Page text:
Fireworks are an exciting sight for us, but the bangs and bright colours can be extremely frightening for your pets. Almost half of dogs in the UK show signs of stress when fireworks are going off.
Signs of stress can include:
Fortunately, there are some things you can do to help keep your pets calm - here are our top tips for dealing with the stress caused by fireworks.
Even if you think your home and garden are escape-proof, accidents do happen; having up-to-date details on their microchip will make it so much easier for your beloved pet to be returned home.
Try to find out when local fireworks displays are taking place - check your local Facebook page if you have one, and keep an eye out for posters or leaflets. Check in with your neighbours as well. If you know when fireworks will be going off, you'll have more time to prepare your home to leep your pets safe and calm.
Avoid taking your dogs for a walk after dusk if you know fireworks are likely to go off. Fireworks can be scary enough for a dog, but hearing them in an unfamiliar outdoor space will make it a lot worse. Keep dogs on a lead, just in case any fireworks go off earlier than expected.
Once fireworks have started, your cat or dog might feel too anxious to eat, so try and give them a meal an hour or so before you think they will start.
Animals will often instinctively hide when they feel threatened or frightened. Make sure that cats can get under furniture, or consider leaving a cupboard door open so they can get inside. If your dog has a crate or kennel, then make this extra cozy with blankets, and their favourite toys.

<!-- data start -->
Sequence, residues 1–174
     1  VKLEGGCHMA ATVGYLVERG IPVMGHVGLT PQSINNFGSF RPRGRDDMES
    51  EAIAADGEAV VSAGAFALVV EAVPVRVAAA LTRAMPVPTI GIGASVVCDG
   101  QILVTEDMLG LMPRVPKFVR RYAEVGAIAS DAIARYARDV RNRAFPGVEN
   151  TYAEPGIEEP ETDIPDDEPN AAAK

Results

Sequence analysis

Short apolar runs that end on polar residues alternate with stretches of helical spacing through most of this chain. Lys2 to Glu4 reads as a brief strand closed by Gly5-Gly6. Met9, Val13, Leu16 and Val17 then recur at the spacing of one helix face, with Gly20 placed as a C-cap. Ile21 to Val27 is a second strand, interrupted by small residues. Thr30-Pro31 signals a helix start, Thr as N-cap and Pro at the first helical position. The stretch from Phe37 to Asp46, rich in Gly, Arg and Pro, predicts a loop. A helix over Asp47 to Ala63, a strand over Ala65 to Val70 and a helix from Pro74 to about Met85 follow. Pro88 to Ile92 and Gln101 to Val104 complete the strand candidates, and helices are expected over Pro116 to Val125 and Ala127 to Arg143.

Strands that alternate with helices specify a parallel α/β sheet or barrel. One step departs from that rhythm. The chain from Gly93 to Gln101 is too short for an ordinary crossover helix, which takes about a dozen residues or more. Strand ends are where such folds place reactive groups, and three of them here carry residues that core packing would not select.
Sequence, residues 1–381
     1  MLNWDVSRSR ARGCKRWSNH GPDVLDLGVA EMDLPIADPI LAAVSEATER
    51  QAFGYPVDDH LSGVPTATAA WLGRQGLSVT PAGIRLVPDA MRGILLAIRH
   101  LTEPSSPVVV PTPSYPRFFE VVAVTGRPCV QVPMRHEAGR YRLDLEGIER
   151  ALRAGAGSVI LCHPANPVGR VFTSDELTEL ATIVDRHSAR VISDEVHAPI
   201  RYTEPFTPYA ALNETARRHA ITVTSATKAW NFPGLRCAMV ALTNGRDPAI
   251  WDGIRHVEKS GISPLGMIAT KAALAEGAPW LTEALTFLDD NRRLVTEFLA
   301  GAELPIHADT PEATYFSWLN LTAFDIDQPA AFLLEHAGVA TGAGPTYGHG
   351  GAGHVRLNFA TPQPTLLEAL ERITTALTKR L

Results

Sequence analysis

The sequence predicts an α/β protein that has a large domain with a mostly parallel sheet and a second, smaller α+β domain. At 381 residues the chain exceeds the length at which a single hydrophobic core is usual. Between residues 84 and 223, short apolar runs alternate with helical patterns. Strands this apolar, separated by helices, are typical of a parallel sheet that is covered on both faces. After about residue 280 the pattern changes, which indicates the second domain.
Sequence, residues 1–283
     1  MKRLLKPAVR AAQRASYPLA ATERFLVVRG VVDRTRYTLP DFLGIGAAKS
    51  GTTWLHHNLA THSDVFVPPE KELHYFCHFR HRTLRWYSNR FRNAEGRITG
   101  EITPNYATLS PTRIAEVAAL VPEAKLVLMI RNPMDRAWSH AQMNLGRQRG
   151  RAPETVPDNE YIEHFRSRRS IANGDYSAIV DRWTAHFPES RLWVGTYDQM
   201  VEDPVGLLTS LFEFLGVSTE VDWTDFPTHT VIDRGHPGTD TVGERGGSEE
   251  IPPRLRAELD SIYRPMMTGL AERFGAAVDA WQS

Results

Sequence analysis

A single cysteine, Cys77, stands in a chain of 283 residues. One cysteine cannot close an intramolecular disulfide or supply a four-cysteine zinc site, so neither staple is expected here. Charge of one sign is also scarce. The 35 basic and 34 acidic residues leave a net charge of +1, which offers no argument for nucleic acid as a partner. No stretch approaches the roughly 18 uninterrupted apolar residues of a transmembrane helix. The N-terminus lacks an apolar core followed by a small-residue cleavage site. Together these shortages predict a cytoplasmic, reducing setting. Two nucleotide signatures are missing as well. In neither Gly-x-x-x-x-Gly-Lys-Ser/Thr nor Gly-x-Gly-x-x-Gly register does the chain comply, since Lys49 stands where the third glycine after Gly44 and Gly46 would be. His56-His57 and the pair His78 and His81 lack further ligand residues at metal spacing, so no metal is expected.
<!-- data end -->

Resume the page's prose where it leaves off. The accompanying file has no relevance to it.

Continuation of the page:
Make sure cats are indoors well before dark, and lock the catflap behind them so they can't escape. Avoid letting dogs into the garden when fireworks are going off unless totally necessary.
Ignore the fireworks yourself, as your pets can pick up on unusual behaviours. Remain calm, and stick to your normal routine if you can. If your pet can see that you aren't frightened or stress by the noise, then this will reassure them.
If they chose to hide, then keep an eye on them, but don’t try to lure them out, and certainly don’t force them. If they do come out their own, then reward calm behaviour with treats and affection.
Close windows and curtains, and put music or the TV on to cover the sound.
It’s completely natural for animals to be afraid of loud noises and flashing lights. If you scold or punish your pet for their behaviour, this will only add to their stress, and make the problem worse.
It's not just cats and dogs that get spooked by fireworks - small animals such as rabbits, guinea pigs and hamsters need extra care at this time as well.
Just like cats and dogs, small animals will feel more secure indoors when fireworks are going off. If you have pets that usually lie outdoors, start to introduce your pets to the indoors a few weeks before bonfire night - bring them inside to an indoor hutch for an hour or so at a time, and let them get used to the space. Then on nights when you are expecting fireworks, bring them inside well before dark.
If your pet has an indoor hutch or cage, then cover this up with a blanket to block out some of the noise and the flashing lights. If you can't bring your pets inside, then make sure their hutch is extra cosy and secure for them. Partly cover the outside with blankets or covers to help soundproof the hutch, but make sure they still have a place to look out.
Extra hay or straw will let small animals burrow in for safety. You could also add some extra boxes, cardboard tubes, or "igloos" for them to hide in.